argument

(redirected from argue)
Also found in: Dictionary, Thesaurus, Legal, Financial, Idioms, Encyclopedia.

argument

The reason(s) advanced for a particular thing’s existence.

argument

Medtalk The reason(s) advanced for a particular thing's existence. See Drug-baby argument, Health freedom argument, Particular person argument.
References in periodicals archive ?
Newdow argues that the Constitution prohibits the government from supporting any religion in public schools and elsewhere.
Most of the young writers and artists with a tinge of talent flee this city as if it were on fire." However, he does argue that Harris neglects a few "young writers and artists who stand clear of the mire he paints." Moreover, he takes exception to the inclusion of one artist in particular, playwright and sometime Esquire reviewer Meyer Levin, in Harris's "dismal gallery." Though Levin does not receive extensive critique from Harris, Harris does number him among those who are insufficiently concerned with proletarian struggle and too concerned with decadent aesthetics.
Instead, the NABSW, along with a number of black adoption agencies, argue that families of color are routinely passed over in favor of white families.
I argue that a new episode for culture production began following the Napoleon invasion of Egypt (1798-1801) and ended in the 1930s.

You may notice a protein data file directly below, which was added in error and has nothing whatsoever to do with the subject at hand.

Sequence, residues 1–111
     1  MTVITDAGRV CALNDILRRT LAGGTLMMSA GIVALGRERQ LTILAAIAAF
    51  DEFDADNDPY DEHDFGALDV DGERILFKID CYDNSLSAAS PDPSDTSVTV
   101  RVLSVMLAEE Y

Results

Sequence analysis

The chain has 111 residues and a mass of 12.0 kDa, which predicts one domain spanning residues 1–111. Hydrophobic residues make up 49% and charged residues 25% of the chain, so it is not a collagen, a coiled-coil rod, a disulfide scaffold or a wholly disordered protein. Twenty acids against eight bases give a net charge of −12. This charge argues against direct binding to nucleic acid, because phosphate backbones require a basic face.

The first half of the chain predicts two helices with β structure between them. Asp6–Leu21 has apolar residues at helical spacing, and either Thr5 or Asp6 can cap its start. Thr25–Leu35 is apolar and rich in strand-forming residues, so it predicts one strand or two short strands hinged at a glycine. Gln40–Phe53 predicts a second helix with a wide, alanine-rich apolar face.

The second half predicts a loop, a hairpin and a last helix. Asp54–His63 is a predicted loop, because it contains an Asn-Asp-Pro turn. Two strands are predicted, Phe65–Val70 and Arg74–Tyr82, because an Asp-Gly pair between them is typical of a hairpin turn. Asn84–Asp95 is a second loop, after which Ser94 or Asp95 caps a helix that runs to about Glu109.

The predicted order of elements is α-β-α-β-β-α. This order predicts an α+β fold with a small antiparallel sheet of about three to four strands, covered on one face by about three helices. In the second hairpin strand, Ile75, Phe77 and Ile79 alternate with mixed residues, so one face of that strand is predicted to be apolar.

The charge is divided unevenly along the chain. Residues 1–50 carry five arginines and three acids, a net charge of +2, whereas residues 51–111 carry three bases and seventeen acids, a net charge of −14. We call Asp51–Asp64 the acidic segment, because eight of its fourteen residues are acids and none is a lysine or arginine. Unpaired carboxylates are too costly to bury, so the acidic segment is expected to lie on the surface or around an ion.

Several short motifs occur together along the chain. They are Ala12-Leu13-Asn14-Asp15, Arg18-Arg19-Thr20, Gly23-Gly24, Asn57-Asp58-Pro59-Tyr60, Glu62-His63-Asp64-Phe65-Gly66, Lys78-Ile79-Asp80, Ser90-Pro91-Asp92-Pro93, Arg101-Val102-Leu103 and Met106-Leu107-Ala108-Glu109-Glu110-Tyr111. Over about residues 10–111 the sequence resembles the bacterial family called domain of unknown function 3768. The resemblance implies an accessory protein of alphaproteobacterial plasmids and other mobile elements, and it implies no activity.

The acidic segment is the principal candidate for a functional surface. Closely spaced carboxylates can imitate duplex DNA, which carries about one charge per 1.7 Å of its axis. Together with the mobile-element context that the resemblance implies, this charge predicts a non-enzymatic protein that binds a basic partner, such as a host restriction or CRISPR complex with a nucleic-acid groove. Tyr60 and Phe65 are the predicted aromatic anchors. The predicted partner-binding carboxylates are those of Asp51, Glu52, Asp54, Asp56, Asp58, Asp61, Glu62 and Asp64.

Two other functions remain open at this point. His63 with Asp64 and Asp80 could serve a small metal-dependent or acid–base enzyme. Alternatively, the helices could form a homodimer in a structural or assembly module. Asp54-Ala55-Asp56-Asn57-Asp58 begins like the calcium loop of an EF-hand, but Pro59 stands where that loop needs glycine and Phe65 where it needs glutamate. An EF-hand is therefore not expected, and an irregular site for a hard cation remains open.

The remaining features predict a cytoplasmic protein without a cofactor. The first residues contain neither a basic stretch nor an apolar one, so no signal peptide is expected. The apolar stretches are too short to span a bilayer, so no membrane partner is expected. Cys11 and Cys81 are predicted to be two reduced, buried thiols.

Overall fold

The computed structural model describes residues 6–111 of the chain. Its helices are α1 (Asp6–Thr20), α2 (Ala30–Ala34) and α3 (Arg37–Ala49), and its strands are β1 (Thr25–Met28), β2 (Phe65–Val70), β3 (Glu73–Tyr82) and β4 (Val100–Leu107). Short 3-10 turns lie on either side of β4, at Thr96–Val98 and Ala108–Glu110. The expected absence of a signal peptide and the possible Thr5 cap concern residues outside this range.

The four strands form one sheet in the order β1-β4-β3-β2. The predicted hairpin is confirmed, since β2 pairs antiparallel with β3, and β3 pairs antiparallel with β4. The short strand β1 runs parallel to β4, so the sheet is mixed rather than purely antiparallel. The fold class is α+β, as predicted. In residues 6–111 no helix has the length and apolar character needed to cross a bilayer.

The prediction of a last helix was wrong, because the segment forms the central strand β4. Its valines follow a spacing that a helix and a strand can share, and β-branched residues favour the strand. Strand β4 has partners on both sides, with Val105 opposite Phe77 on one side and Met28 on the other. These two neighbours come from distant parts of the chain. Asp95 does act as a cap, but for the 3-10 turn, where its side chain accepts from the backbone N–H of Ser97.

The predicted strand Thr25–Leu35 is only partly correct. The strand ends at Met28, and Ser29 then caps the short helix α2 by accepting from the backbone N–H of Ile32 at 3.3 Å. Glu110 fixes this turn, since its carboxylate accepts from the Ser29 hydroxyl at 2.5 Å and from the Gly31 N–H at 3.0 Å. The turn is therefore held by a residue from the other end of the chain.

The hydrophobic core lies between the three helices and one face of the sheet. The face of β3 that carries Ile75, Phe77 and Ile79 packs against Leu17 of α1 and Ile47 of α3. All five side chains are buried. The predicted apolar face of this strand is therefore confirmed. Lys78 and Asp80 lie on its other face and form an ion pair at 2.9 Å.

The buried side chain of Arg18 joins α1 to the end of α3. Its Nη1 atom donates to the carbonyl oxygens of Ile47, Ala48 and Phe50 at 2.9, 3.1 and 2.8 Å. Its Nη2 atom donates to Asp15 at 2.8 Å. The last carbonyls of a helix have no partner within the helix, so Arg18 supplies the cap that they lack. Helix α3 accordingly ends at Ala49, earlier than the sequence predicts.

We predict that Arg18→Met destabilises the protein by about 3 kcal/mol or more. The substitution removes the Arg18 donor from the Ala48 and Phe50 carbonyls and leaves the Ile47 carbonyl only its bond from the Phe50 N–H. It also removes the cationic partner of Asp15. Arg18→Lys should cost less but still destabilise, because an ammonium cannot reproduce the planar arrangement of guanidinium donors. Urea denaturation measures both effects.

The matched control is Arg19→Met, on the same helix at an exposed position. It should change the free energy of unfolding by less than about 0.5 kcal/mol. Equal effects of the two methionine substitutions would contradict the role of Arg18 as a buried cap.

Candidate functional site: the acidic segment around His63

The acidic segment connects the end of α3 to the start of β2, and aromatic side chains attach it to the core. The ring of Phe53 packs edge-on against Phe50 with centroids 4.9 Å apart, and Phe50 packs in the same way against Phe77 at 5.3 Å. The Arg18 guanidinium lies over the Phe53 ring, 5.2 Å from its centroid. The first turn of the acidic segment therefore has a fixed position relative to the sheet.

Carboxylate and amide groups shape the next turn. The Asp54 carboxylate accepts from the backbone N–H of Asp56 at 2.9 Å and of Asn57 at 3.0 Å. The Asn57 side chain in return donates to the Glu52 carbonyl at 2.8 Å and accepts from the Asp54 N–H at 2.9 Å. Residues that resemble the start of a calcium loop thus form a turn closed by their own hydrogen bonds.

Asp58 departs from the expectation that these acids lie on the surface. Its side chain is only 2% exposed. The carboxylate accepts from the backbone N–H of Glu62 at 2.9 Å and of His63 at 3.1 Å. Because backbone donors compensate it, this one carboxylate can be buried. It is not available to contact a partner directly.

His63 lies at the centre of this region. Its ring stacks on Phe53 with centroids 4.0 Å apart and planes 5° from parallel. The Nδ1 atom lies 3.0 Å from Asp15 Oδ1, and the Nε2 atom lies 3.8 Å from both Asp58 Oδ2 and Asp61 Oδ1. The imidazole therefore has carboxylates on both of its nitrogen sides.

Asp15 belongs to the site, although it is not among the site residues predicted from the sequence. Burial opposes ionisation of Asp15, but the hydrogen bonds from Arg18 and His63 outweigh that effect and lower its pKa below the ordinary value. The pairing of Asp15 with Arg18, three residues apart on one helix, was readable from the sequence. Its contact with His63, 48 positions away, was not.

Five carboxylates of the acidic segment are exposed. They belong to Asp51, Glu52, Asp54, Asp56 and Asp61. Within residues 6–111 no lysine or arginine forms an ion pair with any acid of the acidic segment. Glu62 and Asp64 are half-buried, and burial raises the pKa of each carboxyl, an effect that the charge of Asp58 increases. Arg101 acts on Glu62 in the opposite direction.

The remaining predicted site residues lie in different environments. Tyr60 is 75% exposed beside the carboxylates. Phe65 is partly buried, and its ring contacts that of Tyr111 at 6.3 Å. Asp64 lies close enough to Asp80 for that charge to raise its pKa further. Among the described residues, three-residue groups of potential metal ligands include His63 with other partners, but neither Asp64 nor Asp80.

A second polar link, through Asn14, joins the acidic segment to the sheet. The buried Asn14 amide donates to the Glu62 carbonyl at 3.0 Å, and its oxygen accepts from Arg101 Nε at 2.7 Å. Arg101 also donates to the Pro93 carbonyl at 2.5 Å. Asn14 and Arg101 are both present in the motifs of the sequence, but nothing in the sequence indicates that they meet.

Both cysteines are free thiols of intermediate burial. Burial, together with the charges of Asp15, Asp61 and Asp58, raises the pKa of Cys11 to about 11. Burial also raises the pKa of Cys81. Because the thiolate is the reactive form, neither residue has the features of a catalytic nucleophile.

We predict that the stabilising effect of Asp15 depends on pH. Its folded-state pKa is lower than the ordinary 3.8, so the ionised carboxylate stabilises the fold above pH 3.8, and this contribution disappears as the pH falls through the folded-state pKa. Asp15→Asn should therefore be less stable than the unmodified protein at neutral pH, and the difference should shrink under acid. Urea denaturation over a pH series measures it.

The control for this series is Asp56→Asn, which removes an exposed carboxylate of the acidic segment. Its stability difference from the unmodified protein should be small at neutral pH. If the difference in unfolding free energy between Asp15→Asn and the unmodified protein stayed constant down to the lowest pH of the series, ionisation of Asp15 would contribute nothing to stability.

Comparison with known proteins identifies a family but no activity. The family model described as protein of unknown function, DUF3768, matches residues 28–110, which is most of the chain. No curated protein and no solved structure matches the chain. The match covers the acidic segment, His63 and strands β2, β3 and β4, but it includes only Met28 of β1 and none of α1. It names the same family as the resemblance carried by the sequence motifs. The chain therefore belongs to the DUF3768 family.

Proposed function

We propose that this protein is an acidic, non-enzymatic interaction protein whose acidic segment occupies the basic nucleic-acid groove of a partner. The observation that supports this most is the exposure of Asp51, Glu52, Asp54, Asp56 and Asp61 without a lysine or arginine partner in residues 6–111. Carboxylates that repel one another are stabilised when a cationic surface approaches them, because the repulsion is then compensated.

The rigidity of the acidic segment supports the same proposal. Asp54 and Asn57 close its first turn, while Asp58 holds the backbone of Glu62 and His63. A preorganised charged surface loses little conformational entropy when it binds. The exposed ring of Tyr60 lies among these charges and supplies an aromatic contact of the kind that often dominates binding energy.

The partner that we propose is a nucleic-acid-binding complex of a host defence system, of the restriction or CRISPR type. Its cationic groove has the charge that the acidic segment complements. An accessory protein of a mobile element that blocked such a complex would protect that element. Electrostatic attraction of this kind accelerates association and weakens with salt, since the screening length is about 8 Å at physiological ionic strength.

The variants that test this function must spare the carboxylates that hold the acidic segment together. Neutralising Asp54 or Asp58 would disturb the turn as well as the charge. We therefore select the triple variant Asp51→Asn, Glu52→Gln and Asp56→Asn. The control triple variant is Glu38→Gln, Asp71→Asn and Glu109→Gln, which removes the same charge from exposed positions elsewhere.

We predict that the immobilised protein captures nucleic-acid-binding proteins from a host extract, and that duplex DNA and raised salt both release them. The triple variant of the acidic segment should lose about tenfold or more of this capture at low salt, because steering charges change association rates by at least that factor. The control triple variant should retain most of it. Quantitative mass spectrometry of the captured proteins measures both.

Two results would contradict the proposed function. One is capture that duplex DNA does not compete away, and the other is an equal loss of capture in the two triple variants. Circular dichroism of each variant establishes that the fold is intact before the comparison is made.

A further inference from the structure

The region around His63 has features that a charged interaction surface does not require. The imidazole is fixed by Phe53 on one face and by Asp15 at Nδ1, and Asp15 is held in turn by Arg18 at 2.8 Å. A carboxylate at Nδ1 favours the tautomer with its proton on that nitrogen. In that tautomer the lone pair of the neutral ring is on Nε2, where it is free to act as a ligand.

In the New York imaging system example already noted, what would happen if one argues in favor of image admissibility before an appellate court, and it is the very first New York case of its kind (a "case of first impression" in legal jargon)?
The centrality of affirmative action rebuts one other point made by those who now argue for returning to the Civil Rights Act strategy.
These lower-level leaders, argue the authors, have the credibility and respect that many senior leaders have squandered on ill-conceived mergers, miscalculated downsizings and failed re-engineering initiatives.
More broadly, it is not even correct to argue that CPI calculations are, or ever could be, a neat scientific process.
Patrick McCormick argues that religion belongs in our political discussions, but the religious values many politicians tout aren't shaping our public practices.
They argue that they tried to desegregate the county's schools and, in fact, satisfy the obligations of the landmark 1954 Brown v.
In the case of breast implants, a combination of an accumulation of anectodal reports of harm and alleged inconsistencies in manufacturers' data generation and collection have led FDA to demand safety data that would argue that the devices be permitted to remain on the market.
I imagine that every reader will be tempted to argue with one or another aspect of Hartman's two theses.